moving film in this fashion are subject to an u n desirable effect. Film sensitivity combined with per sistence of the phosphor produces a "smear" which blurs the record. C R T persistence is normally an asset in still-film methods, but this is not the case when the film is moving. It is surprising to note the increase in sharpness of trace that results when a P-15 phosphor C R T , (1.5-sec persistence) replaces a P-11 (50-sec persistence). F o r comparison, see Fig. 7, where the loss of contrast of the P-11 tube is very evident. A t high film speeds, even the persist ence of the P-15 C R T becomes a limiting factor. The film is accelerated to its recording velocity by a 1-hp series-type motor directly connected to the take-up spool. The desired velocity is obtained by varying the applied voltage to the motor. Film veloci ties of 3,000 inches per second (ips) are obtained with 2 0 0 per cent rated voltage on the motor. As shown in Fig. 9 the film reaches 95 per cent final velocity in the first 60 feet, leaving 4 0 feet of film for recording the event. Laboratory checks have shown the ac celeration characteristics are independent of motor voltage. At 3,000 ips, approximately ten cycles of a 60 cps quantity may be recorded on the remaining 40 feet. Naturally, slower speeds permit a longer record. It is also possible to introduce the event earlier on the film length as 5 0 per cent of final velocity is reached in the first ten feet. Curves show ing camera characteristics are shown in Figs. 8 and 9. Most of B P A transient studies have required max imum speeds.^ Since the film speed is not constant, a time base must be established by the use of timing pulses on one of the traces or by intensity modulation of the C R T . Intensity modulation permits all traces to be available for signal measurement; its circuit is shown in Fig. 10. Operation of the camera is as simple as the design indicates in Fig. 6. T h e film is wound from the fac 736

S Q U A R E W A V E j B E N E R A T O R

100 V, 4 MICROSECOND PULSES nru, 680 M M f ^

I IN 303


Q H Il/ 0.1

C R Y S T A L C O N T T O L L E D O S a L L A T O R

Vig. 10. Intensity

circuit used with high-speed moving-film system


velocity. The records to date provide adequate in formation, and no basic design improvements are contemplated. Several interesting applications of the system have been studied with the use of the C R O sweep in com bination with the film motion: 1. An external trigger can be used to start the sweep at predetermined intervals during the test such as at each fault current zero. With the film motion opposite to the sweep, the apparent film velocity will be the sum of the sweep velocity and the film veloc ity. This mode of operation is limited in application but lends itself nicely to the short line fault applica tion described earlier. Though tested in the labora tory, it has not yet been used in the field. The C R O sweep can be used with film motion normal ( 9 0 degrees) to the horizontal axis of the C R O . With the sweep "free running," i.e., not trig gered, and the film direction normal to the sweep, the resultant velocity of the record will be the vector sum of the two velocities. The record will then be distorted since the two axestime and the recorded quantityare not normal to one another. Scaling is very difficult and requires a zero line since the edge of the film cannot be used as a reference. Also a short portion (about 3 sec) of the record is lost each time the sweep retraces. An example of this technique is shown in Fig. 11. The record was taken with another camera with a P-11 C R tube, and prior to the development of the present equipment. Because of the characteristic skew of the record, it was dubbed the "barber pole" technique. At present, B P A has described two of the high speed cameras used to obtain approximately 200 records of switching surge voltages and short line fault voltages. Except for minor improvements to facilitate removal of broken film chips, the cameras are as designed with the original motors still in use. The records obtained are satisfactory but have their limitations, particularly in the scaling of records. An automatic switching circuit which would insert a calibrating voltage at the start and end of the record would be an asset. The motors, running at 200 per cent voltage, draw high currents making low-impedance sourpes neces-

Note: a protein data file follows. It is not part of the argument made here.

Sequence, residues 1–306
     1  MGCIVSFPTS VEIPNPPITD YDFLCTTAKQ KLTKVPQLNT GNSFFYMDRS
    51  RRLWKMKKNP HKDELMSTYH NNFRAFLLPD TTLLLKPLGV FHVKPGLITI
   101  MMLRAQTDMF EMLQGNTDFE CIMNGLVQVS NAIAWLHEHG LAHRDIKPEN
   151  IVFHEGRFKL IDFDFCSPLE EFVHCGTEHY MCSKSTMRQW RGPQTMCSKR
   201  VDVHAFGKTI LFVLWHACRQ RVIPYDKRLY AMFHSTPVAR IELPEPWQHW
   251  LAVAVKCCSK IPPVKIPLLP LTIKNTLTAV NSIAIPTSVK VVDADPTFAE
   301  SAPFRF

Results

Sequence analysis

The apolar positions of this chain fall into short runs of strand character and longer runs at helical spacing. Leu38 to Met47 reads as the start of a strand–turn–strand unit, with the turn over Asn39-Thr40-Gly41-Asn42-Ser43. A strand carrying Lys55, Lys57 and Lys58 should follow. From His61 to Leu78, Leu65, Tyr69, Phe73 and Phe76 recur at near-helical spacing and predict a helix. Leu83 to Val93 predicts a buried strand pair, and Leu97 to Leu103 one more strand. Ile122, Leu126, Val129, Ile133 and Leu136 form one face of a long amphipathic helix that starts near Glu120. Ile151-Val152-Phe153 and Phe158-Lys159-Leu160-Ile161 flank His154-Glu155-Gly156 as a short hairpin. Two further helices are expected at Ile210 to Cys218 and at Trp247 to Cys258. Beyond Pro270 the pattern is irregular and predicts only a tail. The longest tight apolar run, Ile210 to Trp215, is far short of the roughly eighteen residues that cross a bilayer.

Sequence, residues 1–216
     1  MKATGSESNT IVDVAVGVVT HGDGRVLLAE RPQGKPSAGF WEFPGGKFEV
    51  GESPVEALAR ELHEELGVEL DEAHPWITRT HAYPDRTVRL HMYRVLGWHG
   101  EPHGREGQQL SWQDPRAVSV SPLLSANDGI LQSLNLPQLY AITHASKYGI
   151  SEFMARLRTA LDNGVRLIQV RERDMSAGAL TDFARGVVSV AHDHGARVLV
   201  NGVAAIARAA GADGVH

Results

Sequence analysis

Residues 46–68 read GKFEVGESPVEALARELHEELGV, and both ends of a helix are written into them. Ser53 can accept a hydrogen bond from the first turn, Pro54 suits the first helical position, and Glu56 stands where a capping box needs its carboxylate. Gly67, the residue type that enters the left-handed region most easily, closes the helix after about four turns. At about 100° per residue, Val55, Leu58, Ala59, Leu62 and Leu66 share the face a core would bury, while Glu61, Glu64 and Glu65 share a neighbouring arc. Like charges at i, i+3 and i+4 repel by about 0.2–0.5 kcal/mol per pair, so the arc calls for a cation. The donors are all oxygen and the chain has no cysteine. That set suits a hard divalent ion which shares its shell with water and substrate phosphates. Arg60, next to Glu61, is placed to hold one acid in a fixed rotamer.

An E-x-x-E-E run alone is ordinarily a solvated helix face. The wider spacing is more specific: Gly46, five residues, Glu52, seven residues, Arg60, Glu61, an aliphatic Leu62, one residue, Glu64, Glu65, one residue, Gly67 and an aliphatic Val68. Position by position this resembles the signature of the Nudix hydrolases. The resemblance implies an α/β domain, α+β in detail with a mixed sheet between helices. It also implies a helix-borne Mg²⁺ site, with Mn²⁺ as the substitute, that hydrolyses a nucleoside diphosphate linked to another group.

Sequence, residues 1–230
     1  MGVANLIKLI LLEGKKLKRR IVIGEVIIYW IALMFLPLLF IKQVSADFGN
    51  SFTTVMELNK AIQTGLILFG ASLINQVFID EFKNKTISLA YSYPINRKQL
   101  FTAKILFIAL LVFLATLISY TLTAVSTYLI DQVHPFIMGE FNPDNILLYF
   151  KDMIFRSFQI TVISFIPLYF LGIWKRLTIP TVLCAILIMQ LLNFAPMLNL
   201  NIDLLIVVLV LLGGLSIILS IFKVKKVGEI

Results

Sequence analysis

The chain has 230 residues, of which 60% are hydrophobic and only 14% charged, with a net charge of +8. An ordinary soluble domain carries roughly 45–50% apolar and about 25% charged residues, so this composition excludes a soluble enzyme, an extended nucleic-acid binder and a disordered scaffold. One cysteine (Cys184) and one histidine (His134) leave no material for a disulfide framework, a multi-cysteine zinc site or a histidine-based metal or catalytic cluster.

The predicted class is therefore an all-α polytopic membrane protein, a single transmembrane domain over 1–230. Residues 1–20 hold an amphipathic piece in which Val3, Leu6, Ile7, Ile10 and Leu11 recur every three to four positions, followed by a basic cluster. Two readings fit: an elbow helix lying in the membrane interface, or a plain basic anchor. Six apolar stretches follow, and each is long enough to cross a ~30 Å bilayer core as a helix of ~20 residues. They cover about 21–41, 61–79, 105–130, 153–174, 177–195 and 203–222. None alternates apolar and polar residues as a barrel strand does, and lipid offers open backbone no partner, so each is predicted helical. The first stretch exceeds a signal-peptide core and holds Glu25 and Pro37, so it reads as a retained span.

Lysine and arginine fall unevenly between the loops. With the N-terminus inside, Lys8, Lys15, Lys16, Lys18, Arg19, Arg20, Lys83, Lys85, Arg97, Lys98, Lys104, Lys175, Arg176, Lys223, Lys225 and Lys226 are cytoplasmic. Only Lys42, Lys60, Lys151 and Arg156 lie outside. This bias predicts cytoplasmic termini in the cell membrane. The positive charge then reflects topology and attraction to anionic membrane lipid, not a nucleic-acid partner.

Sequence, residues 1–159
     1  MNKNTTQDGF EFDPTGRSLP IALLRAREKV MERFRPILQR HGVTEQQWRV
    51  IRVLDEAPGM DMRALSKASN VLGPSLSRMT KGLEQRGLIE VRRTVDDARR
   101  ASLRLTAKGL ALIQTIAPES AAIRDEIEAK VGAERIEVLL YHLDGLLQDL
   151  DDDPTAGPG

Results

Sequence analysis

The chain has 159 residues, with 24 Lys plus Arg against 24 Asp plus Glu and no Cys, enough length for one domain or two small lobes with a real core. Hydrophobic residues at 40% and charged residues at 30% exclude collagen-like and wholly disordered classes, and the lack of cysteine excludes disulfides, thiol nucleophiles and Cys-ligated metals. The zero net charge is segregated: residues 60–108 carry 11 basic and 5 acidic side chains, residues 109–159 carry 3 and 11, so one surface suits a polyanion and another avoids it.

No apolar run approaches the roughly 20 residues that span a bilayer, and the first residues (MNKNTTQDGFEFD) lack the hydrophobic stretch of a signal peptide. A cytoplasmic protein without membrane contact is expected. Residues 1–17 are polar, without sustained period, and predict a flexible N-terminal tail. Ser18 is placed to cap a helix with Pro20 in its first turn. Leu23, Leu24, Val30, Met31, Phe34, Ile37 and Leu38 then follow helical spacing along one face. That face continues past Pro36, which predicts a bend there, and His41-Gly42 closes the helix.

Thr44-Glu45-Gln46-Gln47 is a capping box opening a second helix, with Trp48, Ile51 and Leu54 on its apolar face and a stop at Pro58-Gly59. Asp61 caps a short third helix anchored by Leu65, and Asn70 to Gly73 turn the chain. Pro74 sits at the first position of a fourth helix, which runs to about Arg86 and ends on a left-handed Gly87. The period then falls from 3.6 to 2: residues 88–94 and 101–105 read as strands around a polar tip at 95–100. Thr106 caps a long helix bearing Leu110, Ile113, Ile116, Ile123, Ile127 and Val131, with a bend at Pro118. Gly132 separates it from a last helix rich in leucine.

Fig. //. "Barher pole" oscillogram combing CRT sweep with moving film. Traces 1 and 2 formed with 100-kc rate chopped inputs. Trace I provides the reference for traces 2 and 3. Trace 3 is a 50-kc sine wave for timing. Resultant sweep velocity is approximately 200 fps. Film velocity is approximately 80 fps

sary. The C R O power source must be isolated from the motor source to prevent the voltage dips during motor starting from affecting C R O operation.

Of the various recording devices available, the mag netic oscillograph, even with its frequency response limitations, is the basic recording device for field testing. The C R O , with frequency response, requires the use of a rotating drum or moving-film camera to cover the entire lapsed time of a field test. The moving-film camera developed by B P A pro vides a means of recording two to four quantities with a frequency resolution up to 100 kc. Using special techniques combining C R O sweep on film velocity, the maximum capabilities of the C R O can be approached.

1. F i e l d S w i t c h i n g S u r g e I n s t r u m e n t a t i o n a n d R e s u l t s of T w o S t e p S w i t c h i n g T e s t s C o n d u c t e d b y B P A , D . A . G i l l i e s , H. C. R a m b e r g , R. E . D i e t r i c h , F . G. S c h a u f e l h e r g e r . I E E E Transactions on Power Apparatus and Systems, v o l . 82, 1963, p a p e r 63-942. 2. A n o s c i l l o g r a p h f o r R e c o r d i n g W. G. H o o v e r . A I E E Transactions, Transient Recovery Voltages, v o l . 65, 1946, p p . 1086-91.

3. E f f e c t of P r e c e d i n g B i a s o n S w i t c h i n g S u r g e O p e r a t i o n of S p i l l G a p s a n d L i g h t n i n g A r r e s t e r s , A . K l o p f e n s t e i n , . York, J. W . K a l b . A I E E Transactions, pt. I l l (Power Apparatus and Systems), v o l . 81, A u g . 1962, p p . 3 2 0 - 2 7 .